The commodities industries can be significantly affected by commodity prices, world events, import controls, worldwide competition, government regulations, and economic conditions. Past performance is no guarantee of future results. These investments may not be suitable for all investors, and there is no guarantee that any investment will be able to sell for a profit in the future.  The Dow Jones UBS Commodities Index is composed of futures contracts on physical commodities.  This index aims to provide a broadly diversified representation of commodity markets as an asset class.  The index represents 19 commodities, which are weighted to account for economic significance and market liquidity.  This index cannot be traded directly.  The CBOE Volatility Index - more commonly referred to as "VIX" - is an up-to-the-minute market estimate of expected volatility that is calculated by using real-time S&P 500® Index (SPX) option bid/ask quotes. VIX uses nearby and second nearby options with at least 8 days left to expiration and then weights them to yield a constant, 30-day measure of the expected volatility of the S&P 500 Index.
TIPS are U.S. government securities designed to protect investors and the future value of their fixed-income investments from the adverse effects of inflation. Using the Consumer Price Index (CPI) as a guide, the value of the bond's principal is adjusted upward to keep pace with inflation. Increase in real interest rates can cause the price of inflation-protected debt securities to decrease.  Interest payments on inflation-protected debt securities can be unpredictable.
The NYCE US Dollar Index is a measure that calculates the value of the US dollar through a basket of six currencies, the Euro, the Japanese Yen, the British Pound, the Canadian Dollar, the Swedish Krona, and the Swiss franc.  The Euro is the predominant currency making up about 57% of the basket.

Currencies and futures generally are volatile and are not suitable for all investors.  Investment in foreign exchange related products is subject to many factors that contribute to or increase volatility, such as national debt levels and trade deficits, changes in domestic and foreign interest rates, and investors’ expectations concerning interest rates, currency exchange rates and global or regional political, economic or financial events and situations.

Corporate bonds contain elements of both interest rate risk and credit risk. Treasury bills are guaranteed by the U.S. government as to the timely payment of principal and interest, and if held to maturity, offer a fixed rate of return and fixed principal value. U.S. Treasury bills do not eliminate market risk. The purchase of bonds is subject to availability and market conditions. There is an inverse relationship between the price of bonds and the yield: when price goes up, yield goes down, and vice versa. Market risk is a consideration if sold or redeemed prior to maturity. Some bonds have call features that may affect income.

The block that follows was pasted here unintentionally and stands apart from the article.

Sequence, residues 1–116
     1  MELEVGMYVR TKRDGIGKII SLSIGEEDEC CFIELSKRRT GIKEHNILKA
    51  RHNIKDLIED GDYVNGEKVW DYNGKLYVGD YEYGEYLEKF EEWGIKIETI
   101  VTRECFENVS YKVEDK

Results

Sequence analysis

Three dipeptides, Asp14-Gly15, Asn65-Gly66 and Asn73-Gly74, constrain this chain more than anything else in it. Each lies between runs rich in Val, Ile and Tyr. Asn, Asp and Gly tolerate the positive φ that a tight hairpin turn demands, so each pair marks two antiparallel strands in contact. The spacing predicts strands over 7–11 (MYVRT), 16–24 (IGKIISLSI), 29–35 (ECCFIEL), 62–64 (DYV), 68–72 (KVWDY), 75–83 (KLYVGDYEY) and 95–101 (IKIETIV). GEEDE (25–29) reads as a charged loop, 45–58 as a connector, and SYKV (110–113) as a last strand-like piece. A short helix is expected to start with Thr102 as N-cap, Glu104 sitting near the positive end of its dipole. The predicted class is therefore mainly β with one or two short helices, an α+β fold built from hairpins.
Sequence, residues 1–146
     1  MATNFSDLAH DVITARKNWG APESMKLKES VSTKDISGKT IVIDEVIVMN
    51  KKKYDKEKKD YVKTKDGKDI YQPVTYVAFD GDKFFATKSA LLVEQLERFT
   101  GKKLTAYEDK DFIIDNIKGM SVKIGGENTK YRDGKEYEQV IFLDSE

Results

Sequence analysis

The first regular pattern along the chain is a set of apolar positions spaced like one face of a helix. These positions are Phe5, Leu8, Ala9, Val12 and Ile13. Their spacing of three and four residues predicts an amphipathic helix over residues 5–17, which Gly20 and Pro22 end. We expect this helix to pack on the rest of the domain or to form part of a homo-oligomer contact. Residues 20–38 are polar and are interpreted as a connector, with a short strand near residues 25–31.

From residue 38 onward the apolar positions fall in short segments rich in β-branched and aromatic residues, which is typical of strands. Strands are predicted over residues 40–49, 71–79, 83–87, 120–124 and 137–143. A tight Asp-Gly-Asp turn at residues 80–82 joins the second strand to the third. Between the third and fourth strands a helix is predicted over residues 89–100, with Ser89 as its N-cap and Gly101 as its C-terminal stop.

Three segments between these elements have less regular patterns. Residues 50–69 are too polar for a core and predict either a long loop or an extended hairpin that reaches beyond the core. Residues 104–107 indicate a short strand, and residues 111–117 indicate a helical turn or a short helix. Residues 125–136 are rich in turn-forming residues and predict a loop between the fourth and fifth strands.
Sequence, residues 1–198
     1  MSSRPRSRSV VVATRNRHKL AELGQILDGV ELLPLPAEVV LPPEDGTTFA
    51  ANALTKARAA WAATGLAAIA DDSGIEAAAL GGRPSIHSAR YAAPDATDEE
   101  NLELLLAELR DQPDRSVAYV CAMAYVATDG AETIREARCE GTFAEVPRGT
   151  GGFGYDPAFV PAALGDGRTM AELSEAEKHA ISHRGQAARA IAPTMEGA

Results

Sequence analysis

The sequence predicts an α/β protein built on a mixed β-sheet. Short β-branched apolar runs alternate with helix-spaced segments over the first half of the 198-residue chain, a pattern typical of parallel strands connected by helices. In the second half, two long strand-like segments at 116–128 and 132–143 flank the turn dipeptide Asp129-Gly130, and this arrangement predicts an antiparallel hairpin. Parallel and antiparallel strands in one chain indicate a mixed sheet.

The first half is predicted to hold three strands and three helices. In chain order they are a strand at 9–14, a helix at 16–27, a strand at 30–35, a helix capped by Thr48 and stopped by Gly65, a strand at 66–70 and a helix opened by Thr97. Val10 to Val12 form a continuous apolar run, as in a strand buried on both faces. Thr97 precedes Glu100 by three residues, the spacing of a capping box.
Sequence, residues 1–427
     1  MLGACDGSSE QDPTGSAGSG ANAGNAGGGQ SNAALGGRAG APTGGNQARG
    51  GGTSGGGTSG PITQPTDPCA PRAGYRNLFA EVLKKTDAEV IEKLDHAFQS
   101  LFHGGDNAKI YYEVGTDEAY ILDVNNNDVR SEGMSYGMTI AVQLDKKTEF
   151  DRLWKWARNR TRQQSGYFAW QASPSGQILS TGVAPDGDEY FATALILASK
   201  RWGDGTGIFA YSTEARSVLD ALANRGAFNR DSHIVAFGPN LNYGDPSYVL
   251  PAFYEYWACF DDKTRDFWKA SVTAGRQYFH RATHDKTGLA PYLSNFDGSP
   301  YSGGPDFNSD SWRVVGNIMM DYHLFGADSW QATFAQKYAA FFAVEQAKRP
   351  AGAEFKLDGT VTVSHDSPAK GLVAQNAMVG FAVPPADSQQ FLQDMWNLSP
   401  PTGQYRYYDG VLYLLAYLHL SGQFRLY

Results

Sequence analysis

The bullish percent indicator (BPI) is a market breath indicator.  The indicator is calculated by taking the total number of issues in an index or industry that are generating point and figure buy signals and dividing it by the total number of stocks in that group.  The basic rule for using the bullish percent index is that when the BPI is above 70%, the market is overbought, and conversely when the indicator is below 30%, the market is oversold.  The most popular BPI is the NYSE Bullish Percent Index, which is the tool of choice for famed point and figure analyst, Thomas Dorsey.

All indices are unmanaged and are not available for direct investment by the public.  Past performance is not indicative of future results. The S&P 500 is based on the average performance of the 500 industrial stocks monitored by Standard & Poors and is a capitalization-weighted index meaning the larger companies have a larger weighting of the index.  The S&P 500 Equal Weighted Index is determined by giving each company in the index an equal weighting to each of the 500 companies that comprise the index.  The Dow Jones Industrial Average is based on the average performance of 30 large U.S. companies monitored by Dow Jones & Company.   The Russell 2000 Index Is comprised of the 2000 smallest companies of the Russell 3000 Index, which is comprised of the 3000 biggest companies in the US.   The NASDAQ Composite Index (NASDAQ) is an index representing the securities traded on the NASDAQ stock market and is comprised of over 3000 issues.  It has a heavy bias towards technology and growth stocks.  The STOXX® Europe 600 is derived from the STOXX Europe Total Market Index (TMI) and is a subset of the STOXX Global 1800 Index.  With a fixed number of 600 components, the STOXX Europe 600 represents large, mid, and small capitalization countries of the European